The U.S. Space Force has released prototypes of the uniforms to be worn by its Guardians, reigniting sci-fi comparisons on Twitter and questions about why the service exists in the first place.
The unveiling accompanied Chief of Space Operations Gen. John W. “Jay” Raymond’s reveal of the newest military branch’s “Guardian Ideal” and “Space Force values” at the Air Force Association Air, Space, and Cyber Conference.
The Guardians’ dress uniform, which features a dark navy waist-length coat with a diagonal row of six buttons and shoulder epaulets, is described by the service as a “modern, distinctive, professional uniform.”
But some on Twitter had other ways to describe it.
“A blend of Star Trek Enterprise dress uniform, but with the Mirror Universe diagonal,” wrote one user.
“The new Space Force uniforms really do remind me of Star Trek,” wrote another. “Not gonna lie, I think they’re awesome.”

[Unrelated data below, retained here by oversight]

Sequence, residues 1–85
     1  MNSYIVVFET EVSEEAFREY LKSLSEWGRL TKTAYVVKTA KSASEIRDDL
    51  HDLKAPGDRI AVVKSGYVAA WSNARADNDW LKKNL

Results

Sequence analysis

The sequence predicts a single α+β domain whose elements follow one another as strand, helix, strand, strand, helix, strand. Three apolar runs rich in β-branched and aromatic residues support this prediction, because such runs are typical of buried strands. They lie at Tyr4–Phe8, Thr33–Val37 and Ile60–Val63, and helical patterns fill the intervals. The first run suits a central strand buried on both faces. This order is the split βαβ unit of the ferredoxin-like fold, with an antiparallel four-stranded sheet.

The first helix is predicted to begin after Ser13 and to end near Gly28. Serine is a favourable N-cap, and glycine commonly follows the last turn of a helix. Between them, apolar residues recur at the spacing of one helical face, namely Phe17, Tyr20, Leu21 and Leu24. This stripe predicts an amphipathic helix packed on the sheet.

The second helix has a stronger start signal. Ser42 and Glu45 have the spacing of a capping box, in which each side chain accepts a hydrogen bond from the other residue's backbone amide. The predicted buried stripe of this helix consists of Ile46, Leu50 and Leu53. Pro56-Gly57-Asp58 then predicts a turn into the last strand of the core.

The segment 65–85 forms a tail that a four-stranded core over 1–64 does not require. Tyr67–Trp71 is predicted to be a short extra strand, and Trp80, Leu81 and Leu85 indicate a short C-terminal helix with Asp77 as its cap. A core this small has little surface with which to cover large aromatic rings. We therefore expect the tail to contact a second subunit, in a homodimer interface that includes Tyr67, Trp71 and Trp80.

Other comments cut a little deeper.
“What …#SpaceForce is still a thing?!?,” wrote one person.
The service has faced an uphill battle for relevance among the public since President Trump announced its creation in 2019.
Some lawmakers continue to raise questions about whether the service is needed.
Democratic Reps. Jared Huffman of California and Mark Pocan of Wisconsin introduced an amendment to the annual defense policy bill, currently under debate on the House floor, which would abolish the service and return “authorities, duties, missions, personnel, units, facilities, and assets to the appropriate commands of the Armed Forces.”
Despite the chaff on Twitter and questions raised by lawmakers, the service’s top brass remains committed to building the force of the future.
“We’re taking a bold approach to developing our Guardians, both military and civilians, to build a highly skilled, unified, and inclusive force,” said Patricia Mulcahy, Space Force deputy chief of space operations for human capital. “We’ve set the conditions for a culture in which individuals are empowered and feel valued, and where high-performing teams can thrive.”
The service said it will collect feedback over the next few months before deciding on the final design.